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Sci Total Environ. 2013 Sep 1;461-462:302-16. doi: 10.1016/j.scitotenv.2013.04.077. Epub 2013 Jun 1.

Contribution of hospital effluents to the load of pharmaceuticals in urban wastewaters: identification of ecologically relevant pharmaceuticals.

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1
REQUIMTE, Faculty of Pharmacy, University of Porto, Rua Jorge Viterbo Ferreira 228, 4050-313 Porto, Portugal.

Abstract

The impact of effluent wastewaters from four different hospitals: a university (1456 beds), a general (350 beds), a pediatric (110 beds) and a maternity hospital (96 beds), which are conveyed to the same wastewater treatment plant (WWTP), was evaluated in the receiving urban wastewaters. The occurrence of 78 pharmaceuticals belonging to several therapeutic classes was assessed in hospital effluents and WWTP wastewaters (influent and effluent) as well as the contribution of each hospital in WWTP influent in terms of pharmaceutical load. Results indicate that pharmaceuticals are widespread pollutants in both hospital and urban wastewaters. The contribution of hospitals to the input of pharmaceuticals in urban wastewaters widely varies, according to their dimension. The estimated total mass loadings were 306 g d(-1) for the university hospital, 155 g d(-1) for the general one, 14 g d(-1) for the pediatric hospital and 1.5 g d(-1) for the maternity hospital, showing that the biggest hospitals have a greater contribution to the total mass load of pharmaceuticals. Furthermore, analysis of individual contributions of each therapeutic group showed that NSAIDs, analgesics and antibiotics are among the groups with the highest inputs. Removal efficiency can go from over 90% for pharmaceuticals like acetaminophen and ibuprofen to not removal for β-blockers and salbutamol. Total mass load of pharmaceuticals into receiving surface waters was estimated between 5 and 14 g/d/1000 inhabitants. Finally, the environmental risk posed by pharmaceuticals detected in hospital and WWTP effluents was assessed by means of hazard quotients toward different trophic levels (algae, daphnids and fish). Several pharmaceuticals present in the different matrices were identified as potentially hazardous to aquatic organisms, showing that especial attention should be paid to antibiotics such as ciprofloxacin, ofloxacin, sulfamethoxazole, azithromycin and clarithromycin, since their hazard quotients in WWTP effluent revealed that they could pose an ecotoxicological risk to algae.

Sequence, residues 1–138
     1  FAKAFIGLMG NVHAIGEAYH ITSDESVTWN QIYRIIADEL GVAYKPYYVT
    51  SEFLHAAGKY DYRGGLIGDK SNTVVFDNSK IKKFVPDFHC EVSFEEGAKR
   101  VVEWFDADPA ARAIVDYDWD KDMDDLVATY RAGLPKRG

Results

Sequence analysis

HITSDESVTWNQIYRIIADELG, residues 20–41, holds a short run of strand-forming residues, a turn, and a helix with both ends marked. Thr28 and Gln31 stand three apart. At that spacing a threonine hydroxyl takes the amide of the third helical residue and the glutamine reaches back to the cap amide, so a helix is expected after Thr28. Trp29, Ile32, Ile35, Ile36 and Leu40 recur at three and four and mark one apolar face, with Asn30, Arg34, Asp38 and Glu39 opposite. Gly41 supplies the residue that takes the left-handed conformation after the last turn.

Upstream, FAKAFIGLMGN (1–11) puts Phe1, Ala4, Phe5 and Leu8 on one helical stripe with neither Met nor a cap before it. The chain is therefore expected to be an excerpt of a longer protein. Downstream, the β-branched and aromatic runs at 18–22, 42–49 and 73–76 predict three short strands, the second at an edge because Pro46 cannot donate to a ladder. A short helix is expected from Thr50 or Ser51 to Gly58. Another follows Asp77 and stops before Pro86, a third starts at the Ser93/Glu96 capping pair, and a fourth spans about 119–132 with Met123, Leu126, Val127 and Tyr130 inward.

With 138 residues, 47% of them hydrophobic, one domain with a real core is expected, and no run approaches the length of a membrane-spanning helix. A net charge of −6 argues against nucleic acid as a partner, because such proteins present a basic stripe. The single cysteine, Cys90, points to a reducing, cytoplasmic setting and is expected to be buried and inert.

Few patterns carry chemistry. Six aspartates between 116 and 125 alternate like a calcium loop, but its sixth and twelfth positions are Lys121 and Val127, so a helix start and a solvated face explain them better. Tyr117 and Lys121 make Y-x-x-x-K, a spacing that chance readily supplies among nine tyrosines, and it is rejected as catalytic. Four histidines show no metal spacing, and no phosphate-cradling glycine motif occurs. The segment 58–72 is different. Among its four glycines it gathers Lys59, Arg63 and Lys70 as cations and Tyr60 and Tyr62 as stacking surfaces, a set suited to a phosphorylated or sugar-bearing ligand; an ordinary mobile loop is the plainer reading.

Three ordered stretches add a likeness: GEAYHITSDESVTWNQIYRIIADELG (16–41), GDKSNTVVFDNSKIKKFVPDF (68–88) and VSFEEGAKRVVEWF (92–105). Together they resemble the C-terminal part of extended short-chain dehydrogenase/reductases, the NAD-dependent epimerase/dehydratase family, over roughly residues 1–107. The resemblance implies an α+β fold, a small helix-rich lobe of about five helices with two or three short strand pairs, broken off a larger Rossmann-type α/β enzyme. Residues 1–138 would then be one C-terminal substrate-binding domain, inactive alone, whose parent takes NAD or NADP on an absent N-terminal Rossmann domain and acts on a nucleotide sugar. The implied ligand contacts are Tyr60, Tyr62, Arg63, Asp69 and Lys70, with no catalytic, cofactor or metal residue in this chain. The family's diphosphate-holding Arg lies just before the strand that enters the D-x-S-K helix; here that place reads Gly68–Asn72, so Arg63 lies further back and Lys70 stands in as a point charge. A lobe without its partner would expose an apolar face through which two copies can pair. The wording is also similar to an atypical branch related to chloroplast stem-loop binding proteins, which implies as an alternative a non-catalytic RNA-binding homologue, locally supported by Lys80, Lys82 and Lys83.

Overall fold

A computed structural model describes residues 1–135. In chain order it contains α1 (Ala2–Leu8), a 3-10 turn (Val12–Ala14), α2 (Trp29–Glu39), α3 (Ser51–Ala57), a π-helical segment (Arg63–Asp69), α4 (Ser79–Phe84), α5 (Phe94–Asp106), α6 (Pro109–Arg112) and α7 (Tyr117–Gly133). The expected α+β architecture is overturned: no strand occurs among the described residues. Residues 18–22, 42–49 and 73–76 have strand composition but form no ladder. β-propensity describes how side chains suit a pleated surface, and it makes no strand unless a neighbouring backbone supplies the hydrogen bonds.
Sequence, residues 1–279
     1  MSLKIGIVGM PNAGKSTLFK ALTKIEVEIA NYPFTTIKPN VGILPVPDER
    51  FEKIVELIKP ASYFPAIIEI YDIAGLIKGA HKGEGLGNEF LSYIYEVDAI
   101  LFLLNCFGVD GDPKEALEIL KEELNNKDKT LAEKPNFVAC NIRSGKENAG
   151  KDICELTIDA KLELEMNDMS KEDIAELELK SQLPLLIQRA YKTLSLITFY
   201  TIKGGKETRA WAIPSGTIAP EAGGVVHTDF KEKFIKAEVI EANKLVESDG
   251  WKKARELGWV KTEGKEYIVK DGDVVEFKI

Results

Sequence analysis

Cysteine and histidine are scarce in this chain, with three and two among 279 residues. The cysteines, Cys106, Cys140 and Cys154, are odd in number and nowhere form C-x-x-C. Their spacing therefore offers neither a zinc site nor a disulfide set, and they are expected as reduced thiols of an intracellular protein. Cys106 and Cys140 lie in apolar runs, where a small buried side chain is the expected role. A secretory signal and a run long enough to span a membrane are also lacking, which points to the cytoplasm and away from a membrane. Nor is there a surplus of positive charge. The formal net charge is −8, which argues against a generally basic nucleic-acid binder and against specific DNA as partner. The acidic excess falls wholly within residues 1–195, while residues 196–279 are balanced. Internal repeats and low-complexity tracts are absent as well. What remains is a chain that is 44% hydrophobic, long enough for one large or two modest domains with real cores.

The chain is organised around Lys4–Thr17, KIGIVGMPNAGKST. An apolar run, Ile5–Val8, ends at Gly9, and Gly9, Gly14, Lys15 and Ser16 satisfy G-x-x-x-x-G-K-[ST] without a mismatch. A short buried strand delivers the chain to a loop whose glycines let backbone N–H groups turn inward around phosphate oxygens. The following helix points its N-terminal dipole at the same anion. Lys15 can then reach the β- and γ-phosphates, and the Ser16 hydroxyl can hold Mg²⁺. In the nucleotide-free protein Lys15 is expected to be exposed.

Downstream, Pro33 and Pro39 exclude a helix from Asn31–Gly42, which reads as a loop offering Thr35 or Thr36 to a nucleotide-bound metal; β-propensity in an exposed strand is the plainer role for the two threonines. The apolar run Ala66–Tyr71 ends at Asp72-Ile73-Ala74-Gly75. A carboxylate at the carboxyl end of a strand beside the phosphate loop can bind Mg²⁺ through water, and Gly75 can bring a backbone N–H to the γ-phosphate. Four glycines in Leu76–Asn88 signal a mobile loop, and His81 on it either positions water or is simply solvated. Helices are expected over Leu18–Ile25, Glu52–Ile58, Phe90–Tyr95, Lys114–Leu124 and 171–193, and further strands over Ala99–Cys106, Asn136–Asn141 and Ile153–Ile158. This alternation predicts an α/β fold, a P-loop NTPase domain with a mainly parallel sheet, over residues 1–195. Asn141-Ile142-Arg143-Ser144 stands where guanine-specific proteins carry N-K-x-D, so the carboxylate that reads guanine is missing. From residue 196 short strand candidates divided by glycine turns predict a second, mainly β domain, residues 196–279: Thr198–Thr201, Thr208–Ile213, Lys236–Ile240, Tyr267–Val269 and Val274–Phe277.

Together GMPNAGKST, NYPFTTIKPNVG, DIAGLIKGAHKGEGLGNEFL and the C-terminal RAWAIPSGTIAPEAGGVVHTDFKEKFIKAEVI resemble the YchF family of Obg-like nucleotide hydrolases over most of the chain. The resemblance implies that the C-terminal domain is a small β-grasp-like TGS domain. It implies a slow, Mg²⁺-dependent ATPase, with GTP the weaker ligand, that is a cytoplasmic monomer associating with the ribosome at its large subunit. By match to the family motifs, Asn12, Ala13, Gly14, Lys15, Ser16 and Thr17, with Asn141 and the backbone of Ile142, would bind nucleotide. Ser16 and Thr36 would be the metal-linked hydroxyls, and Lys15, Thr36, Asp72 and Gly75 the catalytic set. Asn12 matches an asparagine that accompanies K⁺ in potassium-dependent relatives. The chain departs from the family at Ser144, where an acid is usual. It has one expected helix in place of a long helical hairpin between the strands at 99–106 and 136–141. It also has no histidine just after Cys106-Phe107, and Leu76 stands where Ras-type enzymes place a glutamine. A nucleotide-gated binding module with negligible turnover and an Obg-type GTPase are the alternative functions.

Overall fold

KEYWORDS:

Environmental risk assessment; Hospital effluent; Pharmaceuticals; Removal efficiency; Wastewaters

PMID:
23732224
DOI:
10.1016/j.scitotenv.2013.04.077
[Indexed for MEDLINE]
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